Reduction of plastic bag use on the agenda for supermarkets

Posted by Isobel Drake on 14th August 2008

Coles has announced a scheme to encourage consumers to return plastic bags to their stores to celebrate Landcare Week (1-7 September).

For each plastic shopping bag returned to Coles throughout September, the retailer will donate money towards the Junior Landcare School Garden Grant program – a nationwide initiative that allows schools, kindergartens and community groups to develop environmental projects such as water-efficient gardens.

Coles Environment Manager, Paul Lang, believes Junior Landcare is a fantastic program for Coles to be involved with. “Junior Landcare teaches tomorrow’s adults how
important it is to work together now to help save the environment,” Mr Lang said. “It also teaches them fundamental gardening, cultivating and environmental tools, such as how to run a household composting system, that will stay with them for life.”

Landcare Australia CEO, Brian Scarsbrick, said the plastic into plants campaign would appeal to younger shoppers and parents alike. “In a study conducted by Junior Landcare this year, 96 per cent of respondents were worried about climate change,” Mr Scarsbrick said.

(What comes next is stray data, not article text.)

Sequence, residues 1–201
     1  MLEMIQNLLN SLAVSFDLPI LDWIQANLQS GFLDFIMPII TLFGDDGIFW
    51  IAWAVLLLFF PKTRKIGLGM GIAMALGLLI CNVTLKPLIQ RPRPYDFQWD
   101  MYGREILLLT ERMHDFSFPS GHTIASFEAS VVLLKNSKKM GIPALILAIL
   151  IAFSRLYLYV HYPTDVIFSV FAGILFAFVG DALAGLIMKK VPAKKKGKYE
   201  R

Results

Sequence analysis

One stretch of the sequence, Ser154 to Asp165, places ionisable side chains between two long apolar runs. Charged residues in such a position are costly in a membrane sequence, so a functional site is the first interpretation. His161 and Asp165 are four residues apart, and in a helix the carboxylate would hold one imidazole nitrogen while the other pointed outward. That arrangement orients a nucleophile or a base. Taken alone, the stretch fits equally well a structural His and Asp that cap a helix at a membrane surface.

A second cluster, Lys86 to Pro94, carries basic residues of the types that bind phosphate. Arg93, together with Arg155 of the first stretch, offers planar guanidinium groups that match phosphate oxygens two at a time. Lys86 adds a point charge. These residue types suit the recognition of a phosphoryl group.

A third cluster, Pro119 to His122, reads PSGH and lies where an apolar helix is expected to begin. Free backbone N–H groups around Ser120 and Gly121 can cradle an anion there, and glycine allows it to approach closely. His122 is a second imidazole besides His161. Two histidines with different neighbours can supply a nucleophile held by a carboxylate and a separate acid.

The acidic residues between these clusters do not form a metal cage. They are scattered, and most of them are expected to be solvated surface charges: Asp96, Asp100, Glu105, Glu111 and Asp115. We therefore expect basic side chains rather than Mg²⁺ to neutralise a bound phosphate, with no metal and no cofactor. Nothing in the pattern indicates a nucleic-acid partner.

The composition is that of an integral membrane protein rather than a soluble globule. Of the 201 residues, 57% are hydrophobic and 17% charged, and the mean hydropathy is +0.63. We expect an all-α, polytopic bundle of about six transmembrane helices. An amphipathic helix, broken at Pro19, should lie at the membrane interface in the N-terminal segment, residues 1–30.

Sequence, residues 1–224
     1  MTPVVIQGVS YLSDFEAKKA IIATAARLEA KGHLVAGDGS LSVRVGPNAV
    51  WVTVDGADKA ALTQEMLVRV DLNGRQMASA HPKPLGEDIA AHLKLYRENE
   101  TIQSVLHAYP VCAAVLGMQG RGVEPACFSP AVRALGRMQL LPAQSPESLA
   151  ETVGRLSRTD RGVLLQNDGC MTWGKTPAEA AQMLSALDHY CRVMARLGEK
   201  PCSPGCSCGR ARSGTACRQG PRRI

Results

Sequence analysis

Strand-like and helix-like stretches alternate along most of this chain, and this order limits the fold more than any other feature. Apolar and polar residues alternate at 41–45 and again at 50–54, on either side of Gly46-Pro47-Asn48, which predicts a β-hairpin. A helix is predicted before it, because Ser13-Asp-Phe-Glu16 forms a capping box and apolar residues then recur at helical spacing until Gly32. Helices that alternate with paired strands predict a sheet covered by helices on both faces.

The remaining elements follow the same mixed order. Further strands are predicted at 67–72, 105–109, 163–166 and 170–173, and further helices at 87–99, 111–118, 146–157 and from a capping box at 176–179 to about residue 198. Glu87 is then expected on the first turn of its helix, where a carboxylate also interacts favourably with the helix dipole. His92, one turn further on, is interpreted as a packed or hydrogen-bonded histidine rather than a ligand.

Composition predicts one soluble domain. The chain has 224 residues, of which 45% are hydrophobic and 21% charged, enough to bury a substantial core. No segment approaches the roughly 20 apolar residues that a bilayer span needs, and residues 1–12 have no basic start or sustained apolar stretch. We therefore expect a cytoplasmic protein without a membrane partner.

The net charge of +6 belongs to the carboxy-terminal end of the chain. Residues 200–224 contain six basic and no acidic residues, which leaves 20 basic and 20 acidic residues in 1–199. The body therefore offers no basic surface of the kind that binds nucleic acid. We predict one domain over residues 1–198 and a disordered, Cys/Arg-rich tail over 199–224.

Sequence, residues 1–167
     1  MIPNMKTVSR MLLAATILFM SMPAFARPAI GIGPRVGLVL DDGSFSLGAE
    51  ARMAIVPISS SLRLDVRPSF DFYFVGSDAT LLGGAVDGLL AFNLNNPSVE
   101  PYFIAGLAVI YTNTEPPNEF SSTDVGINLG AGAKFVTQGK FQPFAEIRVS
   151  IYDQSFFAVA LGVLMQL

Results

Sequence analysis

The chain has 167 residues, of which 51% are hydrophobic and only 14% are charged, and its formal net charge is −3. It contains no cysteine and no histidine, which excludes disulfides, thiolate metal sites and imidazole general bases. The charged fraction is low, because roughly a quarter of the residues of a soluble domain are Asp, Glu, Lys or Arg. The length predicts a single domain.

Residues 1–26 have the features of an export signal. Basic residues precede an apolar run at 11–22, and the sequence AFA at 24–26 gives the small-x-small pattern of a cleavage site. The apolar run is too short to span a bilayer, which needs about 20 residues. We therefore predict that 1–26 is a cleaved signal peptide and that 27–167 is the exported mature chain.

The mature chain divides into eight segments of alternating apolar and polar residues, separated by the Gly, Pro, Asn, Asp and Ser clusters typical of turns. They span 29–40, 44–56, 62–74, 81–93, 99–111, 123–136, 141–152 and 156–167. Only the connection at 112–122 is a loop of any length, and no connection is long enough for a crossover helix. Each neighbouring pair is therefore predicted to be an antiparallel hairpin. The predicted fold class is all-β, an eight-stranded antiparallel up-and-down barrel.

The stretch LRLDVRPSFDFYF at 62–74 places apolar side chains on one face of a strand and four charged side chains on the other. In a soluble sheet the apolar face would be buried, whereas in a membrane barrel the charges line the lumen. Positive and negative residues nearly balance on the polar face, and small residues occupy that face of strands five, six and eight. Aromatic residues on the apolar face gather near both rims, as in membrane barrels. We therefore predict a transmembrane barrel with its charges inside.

The survey, which targeted young people with an average age of 12, also showed that nearly 40 per cent of respondents thought doing something to help the environment was the most important consideration today. This compared to doing homework (22.8 per cent), household chores (16.2 per cent) and playing with friends (13.1 per cent).

The issue of plastic bags has been a source of global debate, with supermarkets and governments offering a wide ranging number of alternative solutions to the problem. In Australia, the Australian National Retailers Association has received permission from the ACCC for supermarkets to trial a 10c levy throughout August in three Victorian locations. The trial will run at Coles, IGA and Safeway stores from August 18 to September 14, with the results of the trial to be analysed and potentially provide the impetus for legislation changes.

The South Australian Government has already committed to a complete phase out of plastic bags, which will begin at the start of next year.